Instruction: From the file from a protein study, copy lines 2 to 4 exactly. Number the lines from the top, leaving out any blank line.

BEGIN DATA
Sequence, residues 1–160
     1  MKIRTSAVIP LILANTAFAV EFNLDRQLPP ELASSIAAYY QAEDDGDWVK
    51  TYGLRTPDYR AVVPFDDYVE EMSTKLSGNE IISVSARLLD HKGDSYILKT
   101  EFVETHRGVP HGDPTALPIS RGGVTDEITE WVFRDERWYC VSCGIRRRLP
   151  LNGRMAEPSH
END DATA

     1  MKIRTSAVIP LILANTAFAV EFNLDRQLPP ELASSIAAYY QAEDDGDWVK
    51  TYGLRTPDYR AVVPFDDYVE EMSTKLSGNE IISVSARLLD HKGDSYILKT
   101  EFVETHRGVP HGDPTALPIS RGGVTDEITE WVFRDERWYC VSCGIRRRLP